Tuesday, May 3, 2016

Poetry Picnic: April 26, 2016

It took a while for me to get around to doing another poetry picnic, but we did finally pull one together for a day when it was warm enough and not too rainy to be outside. We baked brownies again as our special treat, and even the baby got to have her bottle outside on the blanket. I decided to hand-write the poems into a little booklet and decorate it, even though I have minimal artistic skills, with my own drawings. My husband pointed out that it looked like the work of a precocious third grader, but I still enjoyed doing it, and it didn't require me to have anything printed out.

In any case, here are the poems which I copied into the book and their respective sources, with links to the full text of poems for which it is available online.

From The Random House Book of Poetry for Children

A First Poetry Book

  • The Park by James J. Tippett (The entire poem appears as a quotation quite far down the linked page.) 
  • Mud by John Smith (On the linked page, this entire poems appears at the end of a book review.)

From Read-Aloud Rhymes for the Very Young

From The Oxford Book of Children's Verse in America

From A Pizza the Size of the Sun

Miss Muffet seemed to enjoy every poem and agreed each time I asked if she wanted to hear one a second time. Unfortunately, the landscapers were out mowing the lawn at the park, so there were distractions, and rain was also looming on the horizon, so I felt rushed to get through the booklet and get everyone's lunch finished so we wouldn't end up getting caught in the rain. The picnic ended abruptly with Miss Muffet taking off running with the poetry booklet and me having to chase her down.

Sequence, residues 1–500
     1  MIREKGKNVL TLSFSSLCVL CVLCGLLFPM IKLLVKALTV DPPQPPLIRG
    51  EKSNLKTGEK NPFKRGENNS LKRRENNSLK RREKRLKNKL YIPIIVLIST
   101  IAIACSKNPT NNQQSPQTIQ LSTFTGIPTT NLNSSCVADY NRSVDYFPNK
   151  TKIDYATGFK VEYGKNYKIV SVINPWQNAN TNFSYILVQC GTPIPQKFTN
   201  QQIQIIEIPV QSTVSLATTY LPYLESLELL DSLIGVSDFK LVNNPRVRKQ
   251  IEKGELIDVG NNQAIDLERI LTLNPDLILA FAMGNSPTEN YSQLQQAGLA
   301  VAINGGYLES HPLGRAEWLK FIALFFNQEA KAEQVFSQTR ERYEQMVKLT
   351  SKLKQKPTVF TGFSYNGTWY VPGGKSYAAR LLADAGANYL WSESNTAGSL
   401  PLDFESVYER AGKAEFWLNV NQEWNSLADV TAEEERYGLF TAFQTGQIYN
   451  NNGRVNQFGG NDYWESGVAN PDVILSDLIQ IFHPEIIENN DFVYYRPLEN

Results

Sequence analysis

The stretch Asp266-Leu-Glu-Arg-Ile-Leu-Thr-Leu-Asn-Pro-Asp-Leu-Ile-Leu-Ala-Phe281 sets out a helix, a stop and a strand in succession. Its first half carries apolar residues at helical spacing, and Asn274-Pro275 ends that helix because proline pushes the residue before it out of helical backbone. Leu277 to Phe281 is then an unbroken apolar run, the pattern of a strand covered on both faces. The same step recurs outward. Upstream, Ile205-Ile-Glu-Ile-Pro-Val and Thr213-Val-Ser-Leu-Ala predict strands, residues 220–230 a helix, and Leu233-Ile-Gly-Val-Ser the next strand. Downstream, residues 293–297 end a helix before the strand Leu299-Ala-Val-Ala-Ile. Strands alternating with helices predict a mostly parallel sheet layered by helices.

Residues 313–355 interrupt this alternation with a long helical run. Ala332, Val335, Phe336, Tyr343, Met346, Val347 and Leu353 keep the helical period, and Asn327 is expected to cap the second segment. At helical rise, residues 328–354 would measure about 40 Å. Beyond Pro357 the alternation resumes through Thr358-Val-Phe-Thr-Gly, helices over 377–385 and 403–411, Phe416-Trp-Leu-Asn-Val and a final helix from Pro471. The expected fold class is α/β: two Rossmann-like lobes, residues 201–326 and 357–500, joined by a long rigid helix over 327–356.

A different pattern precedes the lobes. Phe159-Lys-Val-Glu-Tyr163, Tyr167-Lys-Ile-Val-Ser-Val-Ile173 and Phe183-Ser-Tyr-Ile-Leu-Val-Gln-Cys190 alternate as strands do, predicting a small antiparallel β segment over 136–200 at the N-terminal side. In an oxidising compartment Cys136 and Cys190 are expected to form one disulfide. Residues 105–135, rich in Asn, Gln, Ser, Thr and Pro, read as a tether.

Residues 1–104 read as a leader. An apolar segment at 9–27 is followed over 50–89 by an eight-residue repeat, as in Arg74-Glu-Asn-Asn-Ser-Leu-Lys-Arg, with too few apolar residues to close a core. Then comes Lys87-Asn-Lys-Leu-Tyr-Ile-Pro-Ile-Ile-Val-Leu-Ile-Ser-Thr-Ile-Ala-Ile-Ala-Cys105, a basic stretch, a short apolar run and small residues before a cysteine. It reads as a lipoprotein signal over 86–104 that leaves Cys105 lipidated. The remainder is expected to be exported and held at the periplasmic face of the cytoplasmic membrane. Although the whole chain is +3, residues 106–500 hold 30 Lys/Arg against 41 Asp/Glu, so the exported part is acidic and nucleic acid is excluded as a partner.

Despite the chaos that a toddler brings to a civilized poetry picnic, however, I enjoyed the experience of sharing these poems. I had never read "Milking Time", but found that it reminded me a lot of Robert Frost, and I was pleased to remember there is a poem about pizza, since that is Miss Muffet's favorite and she specifically asked for a pizza poem. I have also never really liked "Yellow Butter" before, but found that really figuring out how to read it aloud properly made all the difference. Miss Muffet got a kick out of "Umbrellas," too, because it talks about a tulip, a flower she has been very interested in this spring. I have held onto the booklet, too, so we can perhaps revisit the poems before we choose new ones for our next picnic. 

Speaking of the next one, it looks like we're going to have a very rainy couple of weeks coming up, but I hope to get a May poetry picnic going soon - maybe even two!

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